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Dry Eye Syndrome (DES)

Solutions to a Common Eye Problem

What Is Dry Eye Syndrome?
It is a condition where the body is not able to make enough tears to protect the front surface of the eye and provide good quality vision. Our tear film is crucial to good vision as well as to eye health and comfort.

How Tears Work
The tear film has three layers:
1.The innermost layer – mucus, which helps the middle layer to spread evenly across the eye;
2. Diluted saline solution – (aqueous layer), produced by the tear glands inside the upper eyelids, which flushes debris out of the eye. Defects in this layer most commonly cause DES.
3.Lipid layer – (fats or oils), produced by oil glands in the eyes, which helps prevent the middle layer from evaporating.

Who Gets DES
Dry eye syndrome is a very common disease, affecting an estimated 25 to 30 million people in the U.S. Most commonly affected are contact lens wearers, computer users, post-op surgical patients, people living in arid environments, and people over the age of 55.

Causes of Dry Eye Syndrome
When the body is not able to make enough tears to protect the eye’s surface, corneal surface cells deteriorate or even die, leading to a variety of symptoms that affect both comfort and vision. Some factors which can lead to dry eyes:

  • The mix of chemicals which can be in the air
  • Hormone changes
  • Allergies
  • Auto-immune disease
  • Eye surgery
  • Contact lens wear
  • Eye infections
  • Drugs such as oral antihistamines, anti-depressants or hormone replacement therapy
    Dry Eye Symptoms
  • Trouble wearing contact lenses
  • Blurred or fluctuating vision
  • Itchy, gritty, or burning eyes
  • Tired eyes when reading
  • A tendency to get eye infections

Treatment Options
The first step is finding an eye doctor who will take time to accurately determine the cause of your dry eye and discuss treatment options with you. There are many therapies available to treat dry eyes and either increase or retain your own natural tears. The therapy that is right for you depends on the cause of the dry eye condition.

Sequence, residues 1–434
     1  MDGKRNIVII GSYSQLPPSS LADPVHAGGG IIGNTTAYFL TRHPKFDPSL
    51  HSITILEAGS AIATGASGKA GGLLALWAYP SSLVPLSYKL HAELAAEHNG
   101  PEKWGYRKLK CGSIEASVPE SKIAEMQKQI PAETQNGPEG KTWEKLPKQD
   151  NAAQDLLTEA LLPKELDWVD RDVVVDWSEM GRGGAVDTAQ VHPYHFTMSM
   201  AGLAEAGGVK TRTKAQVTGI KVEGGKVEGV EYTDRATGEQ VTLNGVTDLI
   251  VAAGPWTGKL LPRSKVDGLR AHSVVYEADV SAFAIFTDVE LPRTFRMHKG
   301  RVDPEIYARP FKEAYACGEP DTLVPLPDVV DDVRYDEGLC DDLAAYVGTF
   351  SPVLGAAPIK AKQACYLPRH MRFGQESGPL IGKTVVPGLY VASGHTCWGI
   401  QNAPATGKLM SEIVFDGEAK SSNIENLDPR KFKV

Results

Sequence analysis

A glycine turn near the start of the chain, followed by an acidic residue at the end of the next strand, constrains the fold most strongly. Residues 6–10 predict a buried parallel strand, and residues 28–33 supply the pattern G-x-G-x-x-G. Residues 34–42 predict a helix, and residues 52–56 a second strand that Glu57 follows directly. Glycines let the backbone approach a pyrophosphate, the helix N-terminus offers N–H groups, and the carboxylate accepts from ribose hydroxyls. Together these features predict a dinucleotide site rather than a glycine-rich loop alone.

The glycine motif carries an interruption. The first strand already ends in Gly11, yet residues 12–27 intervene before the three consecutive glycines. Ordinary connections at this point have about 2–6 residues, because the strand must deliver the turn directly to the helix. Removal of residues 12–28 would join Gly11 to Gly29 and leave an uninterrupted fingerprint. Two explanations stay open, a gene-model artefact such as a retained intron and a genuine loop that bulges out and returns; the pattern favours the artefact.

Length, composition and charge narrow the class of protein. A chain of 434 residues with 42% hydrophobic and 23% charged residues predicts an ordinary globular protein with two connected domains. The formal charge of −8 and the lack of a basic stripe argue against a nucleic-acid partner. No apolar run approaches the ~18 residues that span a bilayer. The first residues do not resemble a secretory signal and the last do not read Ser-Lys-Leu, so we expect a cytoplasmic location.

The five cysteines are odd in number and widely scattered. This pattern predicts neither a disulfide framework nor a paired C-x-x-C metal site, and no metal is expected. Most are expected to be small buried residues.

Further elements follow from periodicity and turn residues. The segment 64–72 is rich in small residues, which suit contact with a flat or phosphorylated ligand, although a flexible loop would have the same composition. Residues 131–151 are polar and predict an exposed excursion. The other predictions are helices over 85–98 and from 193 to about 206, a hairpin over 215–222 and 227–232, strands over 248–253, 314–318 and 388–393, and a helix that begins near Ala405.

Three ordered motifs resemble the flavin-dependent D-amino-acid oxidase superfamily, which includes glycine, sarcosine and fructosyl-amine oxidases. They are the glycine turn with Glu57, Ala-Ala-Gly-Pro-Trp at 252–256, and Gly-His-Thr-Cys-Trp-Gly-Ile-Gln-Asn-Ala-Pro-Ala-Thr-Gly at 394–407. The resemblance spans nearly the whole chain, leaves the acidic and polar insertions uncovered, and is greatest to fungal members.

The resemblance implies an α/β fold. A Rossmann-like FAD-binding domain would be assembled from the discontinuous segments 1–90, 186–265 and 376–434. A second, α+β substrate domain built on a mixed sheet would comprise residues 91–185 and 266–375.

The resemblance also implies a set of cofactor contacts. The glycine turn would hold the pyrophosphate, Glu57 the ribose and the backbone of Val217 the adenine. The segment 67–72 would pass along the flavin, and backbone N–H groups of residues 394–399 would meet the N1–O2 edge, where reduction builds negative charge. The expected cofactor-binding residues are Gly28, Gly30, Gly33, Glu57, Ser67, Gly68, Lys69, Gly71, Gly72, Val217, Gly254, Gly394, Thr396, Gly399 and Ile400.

Adding moisture

    Eye moisture can be promoted either by adding to the amount of natural tear film, or by blocking some of the drainage out of the eye. There are many over-the-counter varieties of moisturizing eyedrops and some that must be prescribed. Sometimes a lubricating ointment is used.

Slowing drainage

    Tears drain from the inner center of each eye, through tiny openings called puncta (singular is punctum). The upper and lower lids have one each. Tiny channels lead from these openings into the general nasal drainage system. Little plugs can be placed in one or more of the puncta to slow down the drainage of tears from each eye.

Some treatments work with nutritional supplements and some with oral and topical medications. Typically, several months of daily treatment are needed for significant improvement.

Therapeutic goals are to control or eliminate the symptoms, to maintain and preserve visual acuity, and to prevent complications secondary to inflammation and dryness. If you suffer from dry eyes ask for a consultation to make your vision more clear and your eyes more comfortable.

In the San Francisco Bay Area, LASIK surgeon Dr. Gary Kawesch is highly qualified in treatments for many eye conditions and will be happy to give you a free eye exam.

 
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